Building habitat, building community: Three inspiring stories of local habitat projects (and the leaders who launched them)

This event has ended
Tuesday, March 15th, 2022
to (Central Time)
Wood Lake Nature Center, 6710 Lake Shore Dr S, Minneapolis, MN, 55423 Map
Live Stream Available

Public Welcome Will be Recorded Free Event Chapter Meeting Chapter Social Program/Speaker Presentation Wheelchair Accessible Public Restroom Free Public Parking Drinking Fountains

Building habitat, building community: 

Three inspiring stories of local habitat projects (and the leaders who launched them)


Ava J T McKnight | Altlawns of Richfield and Bloomington

Sara Nelson | Corcoran Pollinator Project

Daniel Schultz | Greater Longfellow Community Wildlife Habitat


Karen “Ren” Graham, Education Committee

How can you expand native plant habitat beyond your own back yard? What are some ways you can help your community get excited about hosting their own native plantings? Join us for an uplifting conversation with three Wild Ones members who took action to launch habitat projects in their communities. Ava J T McKnight, Sara Nelson, and Dan Schultz will share the stories of these habitat projects — from the seed of an idea, to taking root, to flourishing. A Q&A will follow the three presentations. 


Ava J T McKnight founded the online community Altlawns of Richfield and Bloomington in 2019. Ava has been a community activist and organizer their entire adult life. Their skills lie in helping those who have made that inner decision to change, but need the skills or confidence to make it a reality. They are self-taught in native plants, pollinators and gardening, and are a Minnesota Water Steward. Their personal experience with extensive childhood trauma informs their style of working one-to-one to create positive change in the community.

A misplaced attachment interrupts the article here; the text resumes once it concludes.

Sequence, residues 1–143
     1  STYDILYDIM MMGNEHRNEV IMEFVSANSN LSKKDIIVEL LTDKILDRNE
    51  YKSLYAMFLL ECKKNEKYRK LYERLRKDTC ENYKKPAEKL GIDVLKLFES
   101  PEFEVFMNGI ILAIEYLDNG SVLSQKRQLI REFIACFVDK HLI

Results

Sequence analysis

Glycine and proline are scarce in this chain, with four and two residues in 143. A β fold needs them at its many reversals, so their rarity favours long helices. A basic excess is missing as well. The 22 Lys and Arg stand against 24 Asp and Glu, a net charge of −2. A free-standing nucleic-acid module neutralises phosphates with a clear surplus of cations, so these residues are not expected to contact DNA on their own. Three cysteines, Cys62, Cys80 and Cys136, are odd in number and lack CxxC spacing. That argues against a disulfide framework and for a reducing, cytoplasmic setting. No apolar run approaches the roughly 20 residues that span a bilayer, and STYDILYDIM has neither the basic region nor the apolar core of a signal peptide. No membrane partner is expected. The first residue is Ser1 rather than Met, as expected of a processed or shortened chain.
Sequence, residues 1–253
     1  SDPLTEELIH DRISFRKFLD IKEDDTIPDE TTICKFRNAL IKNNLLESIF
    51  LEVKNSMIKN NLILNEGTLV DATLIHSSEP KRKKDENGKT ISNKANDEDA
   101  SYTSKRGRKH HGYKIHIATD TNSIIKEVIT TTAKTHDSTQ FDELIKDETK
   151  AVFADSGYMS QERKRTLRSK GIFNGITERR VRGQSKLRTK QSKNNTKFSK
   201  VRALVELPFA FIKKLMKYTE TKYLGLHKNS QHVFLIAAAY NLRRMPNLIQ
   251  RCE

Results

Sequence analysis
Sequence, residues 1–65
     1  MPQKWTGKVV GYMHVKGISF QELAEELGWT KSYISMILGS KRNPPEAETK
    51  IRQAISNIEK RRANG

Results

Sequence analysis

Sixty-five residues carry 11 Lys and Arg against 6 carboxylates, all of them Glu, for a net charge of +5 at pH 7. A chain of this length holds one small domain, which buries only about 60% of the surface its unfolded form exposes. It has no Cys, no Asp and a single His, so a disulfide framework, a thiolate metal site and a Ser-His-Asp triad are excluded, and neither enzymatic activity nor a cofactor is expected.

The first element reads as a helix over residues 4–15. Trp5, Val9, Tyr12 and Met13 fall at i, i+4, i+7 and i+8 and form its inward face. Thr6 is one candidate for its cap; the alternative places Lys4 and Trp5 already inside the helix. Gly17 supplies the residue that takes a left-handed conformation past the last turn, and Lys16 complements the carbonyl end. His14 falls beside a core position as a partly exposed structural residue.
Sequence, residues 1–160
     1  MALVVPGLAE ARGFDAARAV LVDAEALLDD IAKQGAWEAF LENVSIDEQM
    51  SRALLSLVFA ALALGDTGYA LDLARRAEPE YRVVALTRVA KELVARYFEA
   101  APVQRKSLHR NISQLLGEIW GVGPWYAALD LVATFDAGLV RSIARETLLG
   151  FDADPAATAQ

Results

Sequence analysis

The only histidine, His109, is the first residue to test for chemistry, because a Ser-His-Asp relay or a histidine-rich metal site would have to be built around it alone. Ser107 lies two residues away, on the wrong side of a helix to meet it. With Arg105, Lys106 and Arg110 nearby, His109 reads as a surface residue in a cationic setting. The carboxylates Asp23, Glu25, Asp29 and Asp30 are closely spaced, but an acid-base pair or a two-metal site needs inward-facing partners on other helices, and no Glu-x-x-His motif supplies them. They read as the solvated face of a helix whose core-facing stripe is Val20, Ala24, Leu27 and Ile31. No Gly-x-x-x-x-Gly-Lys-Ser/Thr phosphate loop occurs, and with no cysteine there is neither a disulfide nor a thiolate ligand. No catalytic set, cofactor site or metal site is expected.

Altlawns of Richfield and Bloomington was founded in response to residents who were expressing a desire to change their lawns — or asking questions about water issues — but who were not finding support from local cities, watersheds or nonprofits. Altlawns seeks to help residents who want to move away from conventional lawns to establish native habitat, produce local food, or plant low-input turf using native low-flowering species. Through online networking and conversations during native plant giveaways, Altlawns grew to 260 people in 2021. Altlawns provides links to online information and local resources, encourages networking and neighbor-to-neighbor help, and has begun onsite consulting. We are affecting change in local city government.

Sara Nelson is the founder of the Corcoran Pollinator Project. She has worked as a field botanist for the Minnesota Biological Survey, studied tropical ethnobotany in Costa Rica, created the zine Weeds of Minneapolis, and serves as the cacao farmer liaison for Squash Blossom Farm Chocolate. She is a master’s student in conservation sciences at the University of Minnesota and a project assistant at Great River Greening.

The Corcoran Pollinator Project is a grassroots neighborhood initiative in the Corcoran neighborhood of Minneapolis that aims to increase urban biodiversity via a “crop mob” model, in which neighbors help each other install new pollinator gardens. To date the project has involved more than 100 neighbors in planting 60+ gardens, including more than 100 different species of perennial pollinator plants. Plants for the project were donated by other neighbors or grown from seed in volunteers’ own backyards.

Daniel Schultz is a Minnesota Master Naturalist and Habitat Team Leader of the Greater Longfellow Community Wildlife Habitat project. In hearing Douglas Tallamy talk in 2019 about his book Bringing Nature Home, Dan learned that the cherished woods and wildlife of the U.S. were in peril — and something had to be done about it. As Dan trained as a Master Naturalist volunteer, his experience pulling buckthorn at local and regional parks made clear how degraded our few remaining wild spaces are. Now, Dan is leading local efforts to encourage people, schools, businesses, municipalities and other organizations to make their property wildlife-friendly. By reconnecting people to nature, even in backyards and urban areas, Dan believes we can make the world can be a better place for humans and wildlife.

Dan recently completed certifying the Greater Longfellow area of Minneapolis as a Community Wildlife Habitat, with the help of the National Wildlife Federation. Many neighbors, schools and local organizations came together to achieve this goal. The heart of the program involved creating a mentorship program that begins with a habitat design course, and then matching the new gardeners with experienced local gardeners who could share examples, knowledge and even plants from their own yards.

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